Clashes between Muslim worshippers, Israel security officials continue over Temple Mount metal detectors


Clashes erupted between Israeli police and Palestinians in the East Jerusalem neighborhood of Ras el Amud, outside Jerusalem’s Old City, on July 21, 2017. Israeli police left the newly put metal detectors in place by the entrances to Jerusalem’s Temple Mount, despite Muslim leaders’ calls for mass protests against the new security arrangements. (Hadas Parush/Flash90)

JERUSALEM (JTA) — At least one Palestinian man was killed in clashes in Jerusalem between Israeli security forces and Muslims demonstrating against metal detectors installed at the Temple Mount.

The most serious clashes on Saturday took place in the evening after Muslim worshippers held a prayer service outside the gates of the Temple Mount, which they refuse to enter as long as the metal detectors are in place. Following the prayers some of the worshippers threw rocks, bottles and other projectiles at Israeli security officers, who responded with crowd control methods including water cannons and tear gas. Rioting also took place in other areas of Jerusalem and the West Bank.

The Palestinian man killed in clashes in eastern Jerusalem was hit by a live bullet shot by Israeli security forces, the Palestinian Authority Health Ministry said, according to the Palestinian Maan news agency. Three Palestinians were killed in clashes on Friday night, the same night that three members of one Israeli family were killed by a Palestinian assailant in their home in the West Bank settlement of Halamish as they sat at their Shabbat table.

Metal detectors were installed at the entrance to the Temple Mount after three Arab-Israelis shot and killed two Israeli police officers at the holy site on July 14, which Muslim leaders say is a change in the status quo. Since the metal detectors have been in place, Muslims have refused to enter the Temple Mount, instead praying outside of its gates, leading to clashes and the deaths of at least 5 Palestinians in recent days.


The United Nations Security Council announced that it will hold a meeting on Monday to discuss the violence surrounding the Temple Mount issue. The meeting comes at the request of Sweden, Egypt and France, according to reports.

Palestinian Authority President Mahmoud Abbas on Friday announced that Palestinian leaders have frozen all contact with Israel over newly installed security measures at the Temple Mount.

On Saturday, chief Palestinian peace negotiator Saeb Erekat in a statement issued by the PLO rejected Israel’s claim that the Palestinian leadership is inciting the violence. “Unlike the Israeli government, we are a leadership committed to the two-state solution and the full implementation of international law. Every time that there is a chance for peace, Israel tries to deviate attention by inventing new excuses, such as allegations of incitement,” Erekat said in a statement.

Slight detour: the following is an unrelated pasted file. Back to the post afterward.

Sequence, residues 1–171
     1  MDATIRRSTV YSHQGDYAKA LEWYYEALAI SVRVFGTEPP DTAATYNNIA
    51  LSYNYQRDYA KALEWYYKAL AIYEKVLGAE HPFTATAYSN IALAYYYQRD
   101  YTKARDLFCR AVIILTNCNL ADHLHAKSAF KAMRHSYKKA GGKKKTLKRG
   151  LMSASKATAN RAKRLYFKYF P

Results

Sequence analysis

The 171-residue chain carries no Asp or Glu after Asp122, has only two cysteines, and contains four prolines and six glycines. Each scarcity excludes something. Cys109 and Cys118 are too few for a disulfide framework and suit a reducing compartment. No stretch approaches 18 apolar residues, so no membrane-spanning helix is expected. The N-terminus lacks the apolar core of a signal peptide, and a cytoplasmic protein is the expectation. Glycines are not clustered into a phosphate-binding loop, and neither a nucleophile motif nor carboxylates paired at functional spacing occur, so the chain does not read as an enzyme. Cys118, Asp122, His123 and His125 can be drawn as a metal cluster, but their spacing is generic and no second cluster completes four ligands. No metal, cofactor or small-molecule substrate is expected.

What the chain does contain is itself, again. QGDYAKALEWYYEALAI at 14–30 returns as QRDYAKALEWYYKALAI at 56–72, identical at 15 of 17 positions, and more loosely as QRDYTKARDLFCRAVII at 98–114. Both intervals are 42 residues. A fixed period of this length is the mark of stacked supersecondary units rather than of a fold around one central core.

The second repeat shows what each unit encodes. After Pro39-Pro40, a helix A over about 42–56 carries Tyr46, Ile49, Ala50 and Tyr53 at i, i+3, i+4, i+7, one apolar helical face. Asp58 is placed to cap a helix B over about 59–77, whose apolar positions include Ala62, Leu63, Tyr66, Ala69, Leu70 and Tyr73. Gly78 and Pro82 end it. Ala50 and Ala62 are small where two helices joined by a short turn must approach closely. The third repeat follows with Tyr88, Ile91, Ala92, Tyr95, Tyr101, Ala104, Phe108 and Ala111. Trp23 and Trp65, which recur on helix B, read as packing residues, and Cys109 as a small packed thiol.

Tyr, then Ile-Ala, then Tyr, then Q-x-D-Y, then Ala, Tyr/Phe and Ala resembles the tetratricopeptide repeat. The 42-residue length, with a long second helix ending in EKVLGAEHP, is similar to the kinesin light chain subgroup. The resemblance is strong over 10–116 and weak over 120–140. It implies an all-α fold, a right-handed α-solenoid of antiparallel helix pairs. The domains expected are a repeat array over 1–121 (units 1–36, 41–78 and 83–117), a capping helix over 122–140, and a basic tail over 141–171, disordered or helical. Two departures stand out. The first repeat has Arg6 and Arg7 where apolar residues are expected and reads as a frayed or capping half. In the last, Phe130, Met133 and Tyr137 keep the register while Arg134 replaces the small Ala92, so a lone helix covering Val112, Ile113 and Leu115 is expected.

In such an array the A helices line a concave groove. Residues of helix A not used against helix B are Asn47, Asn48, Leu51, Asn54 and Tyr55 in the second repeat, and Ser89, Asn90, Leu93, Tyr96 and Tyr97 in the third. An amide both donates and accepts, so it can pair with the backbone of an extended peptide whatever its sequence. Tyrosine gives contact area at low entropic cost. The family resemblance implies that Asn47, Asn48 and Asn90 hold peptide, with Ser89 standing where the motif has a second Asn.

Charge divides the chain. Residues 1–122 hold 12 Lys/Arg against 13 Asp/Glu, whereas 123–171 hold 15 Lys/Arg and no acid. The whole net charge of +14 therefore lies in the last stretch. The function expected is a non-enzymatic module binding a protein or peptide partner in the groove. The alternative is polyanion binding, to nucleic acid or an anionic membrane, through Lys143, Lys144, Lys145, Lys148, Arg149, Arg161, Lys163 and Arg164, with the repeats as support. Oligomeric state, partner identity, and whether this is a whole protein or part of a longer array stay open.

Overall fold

The Middle East Quartet in a joint statement said it is “deeply concerned by the escalating tensions and violent clashes taking place in and around the Old City of Jerusalem.”

The envoys for the Quartet, from the United States, Russia, the European Union and the United Nations, also “strongly condemn acts of terror, express their regret for all loss of innocent life caused by the violence, and hope for a speedy recovery to the wounded,” the statement issued on Saturday said.

The Quartet also called for all sides “to demonstrate maximum restraint, refrain from provocative actions and work towards de-escalating the situation.” The statement added that “violence deepens mistrust and is fundamentally incompatible with achieving a peaceful resolution of the Israeli-Palestinian conflict

Israel’s Security Cabinet is scheduled to hold an emergency meeting Sunday to decide how to respond to the violence.

The Coordinator of Government Activities in the Territories, or COGAT, Maj. Gen. Yoav Mordechai, said Saturday that he is willing to consider alternatives to metal detectors, as long as they would prevent future attacks on the Temple Mount.

“Israel doesn’t want to change the status quo, this is a clear message to the Muslim world from the Israeli government. We don’t want to change the political or religious status quo, nor the situation on the ground. The only thing we want is to ensure no one can enter with weapons again and carry out another attack,” he told Ynet.

In an interview with BBC Arabic he said: “I want to call on our neighbors in Arab countries, and on Muslims in general: If someone has an idea how to prevent another attack and promise worshipers that there won’t be more terror attacks, ahlan wa sahalan ( hello and you’re welcome in Arabic).”

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